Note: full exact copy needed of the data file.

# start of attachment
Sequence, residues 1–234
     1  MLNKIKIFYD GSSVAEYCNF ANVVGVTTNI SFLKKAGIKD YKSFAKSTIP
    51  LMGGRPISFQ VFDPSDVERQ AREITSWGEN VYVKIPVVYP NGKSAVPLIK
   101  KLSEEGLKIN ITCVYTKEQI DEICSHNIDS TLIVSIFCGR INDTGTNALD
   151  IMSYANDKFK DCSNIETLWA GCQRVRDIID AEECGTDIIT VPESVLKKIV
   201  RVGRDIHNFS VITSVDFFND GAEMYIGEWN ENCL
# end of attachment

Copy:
Sequence, residues 1–234
     1  MLNKIKIFYD GSSVAEYCNF ANVVGVTTNI SFLKKAGIKD YKSFAKSTIP
    51  LMGGRPISFQ VFDPSDVERQ AREITSWGEN VYVKIPVVYP NGKSAVPLIK
   101  KLSEEGLKIN ITCVYTKEQI DEICSHNIDS TLIVSIFCGR INDTGTNALD
   151  IMSYANDKFK DCSNIETLWA GCQRVRDIID AEECGTDIIT VPESVLKKIV
   201  RVGRDIHNFS VITSVDFFND GAEMYIGEWN ENCL